In relation to the issue which saw former national treasurer James Reynolds removed from his position on the Longford branch executive and, by extension, his position as national treasurer, Sherlock said he had no comment to make other than he is happy to have moved on.
Finally, what is Sherlock’s call to the electorate for their vote?
“I want to tell the members of the ICSA that I am there for them. You’re not alone with the ICSA. If you have a problem or an issue or you are struggling, we are here for you. You’re not alone and we want to fight on your behalf with me as the president.”
Home: Feohanagh, Co Limerick.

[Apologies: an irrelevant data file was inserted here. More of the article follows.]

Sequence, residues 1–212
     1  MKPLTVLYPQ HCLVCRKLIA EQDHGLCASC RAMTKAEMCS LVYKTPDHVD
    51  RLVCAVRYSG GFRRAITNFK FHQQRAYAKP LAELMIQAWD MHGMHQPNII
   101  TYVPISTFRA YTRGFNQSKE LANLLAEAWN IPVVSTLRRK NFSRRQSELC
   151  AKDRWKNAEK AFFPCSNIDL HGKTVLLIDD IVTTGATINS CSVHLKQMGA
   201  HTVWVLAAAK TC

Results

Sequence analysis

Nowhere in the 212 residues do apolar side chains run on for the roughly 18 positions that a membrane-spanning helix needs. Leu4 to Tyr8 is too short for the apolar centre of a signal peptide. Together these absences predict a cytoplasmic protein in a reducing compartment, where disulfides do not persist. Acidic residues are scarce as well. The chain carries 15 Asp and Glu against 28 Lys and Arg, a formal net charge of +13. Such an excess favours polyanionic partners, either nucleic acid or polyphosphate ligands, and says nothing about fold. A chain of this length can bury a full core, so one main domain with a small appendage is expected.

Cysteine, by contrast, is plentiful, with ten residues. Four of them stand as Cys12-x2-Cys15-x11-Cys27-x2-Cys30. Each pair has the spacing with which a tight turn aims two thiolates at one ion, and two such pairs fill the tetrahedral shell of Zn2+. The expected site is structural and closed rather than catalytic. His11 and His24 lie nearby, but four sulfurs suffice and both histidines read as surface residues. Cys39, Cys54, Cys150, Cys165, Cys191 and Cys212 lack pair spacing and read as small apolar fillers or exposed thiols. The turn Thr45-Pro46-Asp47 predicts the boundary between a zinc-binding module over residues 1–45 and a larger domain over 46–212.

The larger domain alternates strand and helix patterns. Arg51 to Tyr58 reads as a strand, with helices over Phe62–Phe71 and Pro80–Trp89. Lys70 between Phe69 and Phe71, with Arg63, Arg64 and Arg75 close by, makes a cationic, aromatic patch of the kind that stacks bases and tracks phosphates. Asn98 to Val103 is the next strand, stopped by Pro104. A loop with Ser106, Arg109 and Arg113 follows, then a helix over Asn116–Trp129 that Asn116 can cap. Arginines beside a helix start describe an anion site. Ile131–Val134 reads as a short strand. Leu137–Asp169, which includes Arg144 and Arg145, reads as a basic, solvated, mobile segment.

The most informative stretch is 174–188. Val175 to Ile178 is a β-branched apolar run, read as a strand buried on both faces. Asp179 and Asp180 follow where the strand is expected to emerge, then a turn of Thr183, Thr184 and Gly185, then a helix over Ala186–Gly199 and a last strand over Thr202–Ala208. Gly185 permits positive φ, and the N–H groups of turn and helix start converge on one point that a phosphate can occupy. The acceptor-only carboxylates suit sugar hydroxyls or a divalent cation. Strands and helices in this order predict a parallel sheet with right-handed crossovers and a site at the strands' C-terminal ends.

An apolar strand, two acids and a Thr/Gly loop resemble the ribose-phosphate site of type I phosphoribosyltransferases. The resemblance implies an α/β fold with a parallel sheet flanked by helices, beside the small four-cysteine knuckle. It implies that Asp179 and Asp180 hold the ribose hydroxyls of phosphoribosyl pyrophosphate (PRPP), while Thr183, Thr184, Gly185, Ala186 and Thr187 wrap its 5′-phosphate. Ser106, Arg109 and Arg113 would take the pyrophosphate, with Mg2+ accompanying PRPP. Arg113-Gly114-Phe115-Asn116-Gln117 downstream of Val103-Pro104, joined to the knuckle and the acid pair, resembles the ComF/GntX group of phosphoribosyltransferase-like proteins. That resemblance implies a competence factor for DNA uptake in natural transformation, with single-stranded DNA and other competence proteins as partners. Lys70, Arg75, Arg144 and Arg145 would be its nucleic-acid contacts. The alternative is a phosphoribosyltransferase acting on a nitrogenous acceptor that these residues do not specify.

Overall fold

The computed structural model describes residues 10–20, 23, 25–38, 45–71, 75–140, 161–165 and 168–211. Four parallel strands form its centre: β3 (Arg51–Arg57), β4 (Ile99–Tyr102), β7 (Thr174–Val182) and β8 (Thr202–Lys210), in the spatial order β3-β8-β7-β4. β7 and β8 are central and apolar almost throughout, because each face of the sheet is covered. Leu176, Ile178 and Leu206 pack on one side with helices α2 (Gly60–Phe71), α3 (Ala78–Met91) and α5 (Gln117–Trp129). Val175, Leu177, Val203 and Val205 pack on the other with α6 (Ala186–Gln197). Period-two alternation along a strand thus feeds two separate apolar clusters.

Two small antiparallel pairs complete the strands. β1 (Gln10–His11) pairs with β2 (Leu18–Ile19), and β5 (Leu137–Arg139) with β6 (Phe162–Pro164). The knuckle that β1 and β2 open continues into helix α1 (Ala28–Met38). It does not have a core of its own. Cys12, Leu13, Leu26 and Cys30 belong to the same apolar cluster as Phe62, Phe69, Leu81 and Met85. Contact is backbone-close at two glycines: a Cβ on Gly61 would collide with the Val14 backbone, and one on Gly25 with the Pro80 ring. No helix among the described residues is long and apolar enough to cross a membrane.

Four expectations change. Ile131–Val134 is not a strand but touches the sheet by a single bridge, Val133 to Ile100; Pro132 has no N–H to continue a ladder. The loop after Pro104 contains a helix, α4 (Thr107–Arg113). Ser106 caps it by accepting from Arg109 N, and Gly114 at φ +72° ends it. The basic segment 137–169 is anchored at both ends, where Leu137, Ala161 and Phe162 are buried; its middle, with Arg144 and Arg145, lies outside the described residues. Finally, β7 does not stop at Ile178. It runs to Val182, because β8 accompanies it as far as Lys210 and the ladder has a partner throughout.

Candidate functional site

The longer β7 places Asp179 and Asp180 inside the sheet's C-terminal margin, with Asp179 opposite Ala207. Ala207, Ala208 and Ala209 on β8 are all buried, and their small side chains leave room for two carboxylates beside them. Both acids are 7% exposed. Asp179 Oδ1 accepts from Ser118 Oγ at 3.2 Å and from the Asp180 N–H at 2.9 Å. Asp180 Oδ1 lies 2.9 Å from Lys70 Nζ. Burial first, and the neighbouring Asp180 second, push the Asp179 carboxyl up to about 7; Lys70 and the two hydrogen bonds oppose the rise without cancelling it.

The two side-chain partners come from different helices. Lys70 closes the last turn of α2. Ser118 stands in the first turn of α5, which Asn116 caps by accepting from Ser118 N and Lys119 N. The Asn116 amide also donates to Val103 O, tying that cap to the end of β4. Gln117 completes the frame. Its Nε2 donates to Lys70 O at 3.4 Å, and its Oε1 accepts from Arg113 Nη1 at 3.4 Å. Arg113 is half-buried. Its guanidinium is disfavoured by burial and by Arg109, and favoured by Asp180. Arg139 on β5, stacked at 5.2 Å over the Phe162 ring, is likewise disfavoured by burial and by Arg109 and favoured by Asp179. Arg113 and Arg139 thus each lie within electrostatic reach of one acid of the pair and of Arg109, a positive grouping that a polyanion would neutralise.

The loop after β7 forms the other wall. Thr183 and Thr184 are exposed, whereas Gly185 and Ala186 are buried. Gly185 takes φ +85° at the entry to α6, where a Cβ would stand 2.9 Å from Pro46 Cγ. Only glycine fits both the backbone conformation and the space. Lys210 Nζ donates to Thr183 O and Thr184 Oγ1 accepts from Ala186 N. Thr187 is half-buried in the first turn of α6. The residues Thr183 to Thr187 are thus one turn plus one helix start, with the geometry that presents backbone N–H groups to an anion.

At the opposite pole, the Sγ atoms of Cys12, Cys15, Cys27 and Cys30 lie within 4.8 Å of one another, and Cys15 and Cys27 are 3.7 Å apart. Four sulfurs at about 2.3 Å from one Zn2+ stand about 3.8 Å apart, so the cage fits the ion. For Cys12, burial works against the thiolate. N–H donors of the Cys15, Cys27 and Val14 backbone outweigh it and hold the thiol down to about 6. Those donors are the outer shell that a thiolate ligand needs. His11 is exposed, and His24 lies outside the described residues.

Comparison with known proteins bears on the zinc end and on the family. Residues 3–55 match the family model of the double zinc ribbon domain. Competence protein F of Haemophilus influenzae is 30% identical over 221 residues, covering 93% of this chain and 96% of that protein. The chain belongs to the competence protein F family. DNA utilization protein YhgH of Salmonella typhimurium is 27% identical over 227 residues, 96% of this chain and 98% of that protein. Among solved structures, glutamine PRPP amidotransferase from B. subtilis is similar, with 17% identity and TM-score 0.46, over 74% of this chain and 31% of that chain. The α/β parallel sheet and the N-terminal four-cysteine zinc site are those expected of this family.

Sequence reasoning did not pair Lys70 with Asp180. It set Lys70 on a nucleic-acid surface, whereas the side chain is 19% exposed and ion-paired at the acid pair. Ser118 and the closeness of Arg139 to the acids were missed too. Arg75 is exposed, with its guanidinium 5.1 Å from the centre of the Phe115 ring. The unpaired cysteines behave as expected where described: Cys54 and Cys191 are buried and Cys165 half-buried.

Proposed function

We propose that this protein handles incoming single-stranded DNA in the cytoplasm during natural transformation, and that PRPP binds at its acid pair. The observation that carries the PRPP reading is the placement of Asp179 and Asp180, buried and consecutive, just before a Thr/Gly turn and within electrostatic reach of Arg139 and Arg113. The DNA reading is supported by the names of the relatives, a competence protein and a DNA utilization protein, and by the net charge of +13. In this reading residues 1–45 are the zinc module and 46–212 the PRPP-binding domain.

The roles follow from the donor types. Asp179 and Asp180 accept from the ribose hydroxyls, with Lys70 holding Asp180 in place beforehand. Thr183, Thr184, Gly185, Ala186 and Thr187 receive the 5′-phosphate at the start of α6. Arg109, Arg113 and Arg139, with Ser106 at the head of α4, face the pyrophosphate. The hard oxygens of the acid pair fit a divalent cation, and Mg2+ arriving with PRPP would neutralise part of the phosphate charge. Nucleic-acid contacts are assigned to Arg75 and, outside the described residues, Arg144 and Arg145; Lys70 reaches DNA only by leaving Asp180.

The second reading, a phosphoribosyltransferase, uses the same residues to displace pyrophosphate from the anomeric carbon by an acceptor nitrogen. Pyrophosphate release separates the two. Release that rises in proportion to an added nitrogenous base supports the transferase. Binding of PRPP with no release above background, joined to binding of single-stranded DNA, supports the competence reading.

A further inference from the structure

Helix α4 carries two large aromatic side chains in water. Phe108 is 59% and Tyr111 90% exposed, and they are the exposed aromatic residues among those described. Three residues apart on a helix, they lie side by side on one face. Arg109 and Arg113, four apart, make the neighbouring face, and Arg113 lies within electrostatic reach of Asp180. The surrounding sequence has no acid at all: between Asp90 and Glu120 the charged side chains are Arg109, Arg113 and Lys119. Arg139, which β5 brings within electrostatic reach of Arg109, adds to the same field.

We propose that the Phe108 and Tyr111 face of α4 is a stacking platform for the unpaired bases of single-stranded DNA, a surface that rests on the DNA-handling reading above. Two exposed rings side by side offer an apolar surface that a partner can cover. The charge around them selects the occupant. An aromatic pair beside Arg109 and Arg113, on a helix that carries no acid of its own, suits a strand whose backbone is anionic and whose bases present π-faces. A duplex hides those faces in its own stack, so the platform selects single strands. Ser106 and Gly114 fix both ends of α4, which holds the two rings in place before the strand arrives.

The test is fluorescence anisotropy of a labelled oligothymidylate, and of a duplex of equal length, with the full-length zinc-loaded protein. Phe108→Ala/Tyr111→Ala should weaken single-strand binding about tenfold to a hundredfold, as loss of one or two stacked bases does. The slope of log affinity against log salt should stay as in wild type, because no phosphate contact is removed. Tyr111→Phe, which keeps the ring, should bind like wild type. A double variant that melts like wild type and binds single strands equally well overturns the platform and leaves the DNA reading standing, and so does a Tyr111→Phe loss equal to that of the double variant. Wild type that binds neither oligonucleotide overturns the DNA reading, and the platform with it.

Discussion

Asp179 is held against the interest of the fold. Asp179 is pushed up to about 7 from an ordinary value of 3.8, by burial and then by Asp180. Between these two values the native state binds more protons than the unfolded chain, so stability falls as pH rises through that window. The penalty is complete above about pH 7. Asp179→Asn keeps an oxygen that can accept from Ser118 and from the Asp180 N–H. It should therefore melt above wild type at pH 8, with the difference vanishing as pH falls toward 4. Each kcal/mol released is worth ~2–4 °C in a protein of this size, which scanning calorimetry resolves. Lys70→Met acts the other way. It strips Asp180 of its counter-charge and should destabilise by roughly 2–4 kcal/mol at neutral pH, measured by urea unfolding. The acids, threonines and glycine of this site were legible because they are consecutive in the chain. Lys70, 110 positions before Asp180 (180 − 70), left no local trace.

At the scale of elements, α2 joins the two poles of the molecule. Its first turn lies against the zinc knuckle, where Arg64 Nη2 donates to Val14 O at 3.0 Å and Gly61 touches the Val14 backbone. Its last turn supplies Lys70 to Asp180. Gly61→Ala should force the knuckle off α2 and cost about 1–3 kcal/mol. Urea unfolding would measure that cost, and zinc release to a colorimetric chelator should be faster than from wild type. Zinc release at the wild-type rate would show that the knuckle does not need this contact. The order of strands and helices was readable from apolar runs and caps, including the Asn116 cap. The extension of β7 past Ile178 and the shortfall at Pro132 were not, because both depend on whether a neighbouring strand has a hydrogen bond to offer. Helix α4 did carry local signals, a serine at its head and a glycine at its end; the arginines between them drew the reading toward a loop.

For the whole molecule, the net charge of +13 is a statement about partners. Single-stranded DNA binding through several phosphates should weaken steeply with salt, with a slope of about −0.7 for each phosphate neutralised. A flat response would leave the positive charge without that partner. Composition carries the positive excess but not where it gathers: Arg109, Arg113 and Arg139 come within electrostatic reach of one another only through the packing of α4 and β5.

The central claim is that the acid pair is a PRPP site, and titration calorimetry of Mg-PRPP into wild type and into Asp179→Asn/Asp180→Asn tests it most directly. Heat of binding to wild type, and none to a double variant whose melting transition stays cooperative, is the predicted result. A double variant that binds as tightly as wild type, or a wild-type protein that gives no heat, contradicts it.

Farm size: 60ac.
Farm type: Suckler and beef.
ICSA history: Currently two years into the term as rural development chair, previously was vice chair of the committee.
It’s a case of continuing the work that has been done up to now for Co Wexford suckler and sheep farmer Patrick Kent. Kent has held the position of ICSA president for the past four years having taken over from Gabriel Gilmartin.
The ICSA president can serve a maximum of three two-year terms.
“I’m very proud to have represented a sector of farming that is producing seriously good food and hope that I will have the opportunity to do so for a further two years.
“Over the last four years ICSA has grown and developed as an association and is constantly punching above its weight. I hope that if I am re-elected we can achieve much more,” Kent said in his manifesto (he preferred this to an actual interview with the Irish Farmers Journal).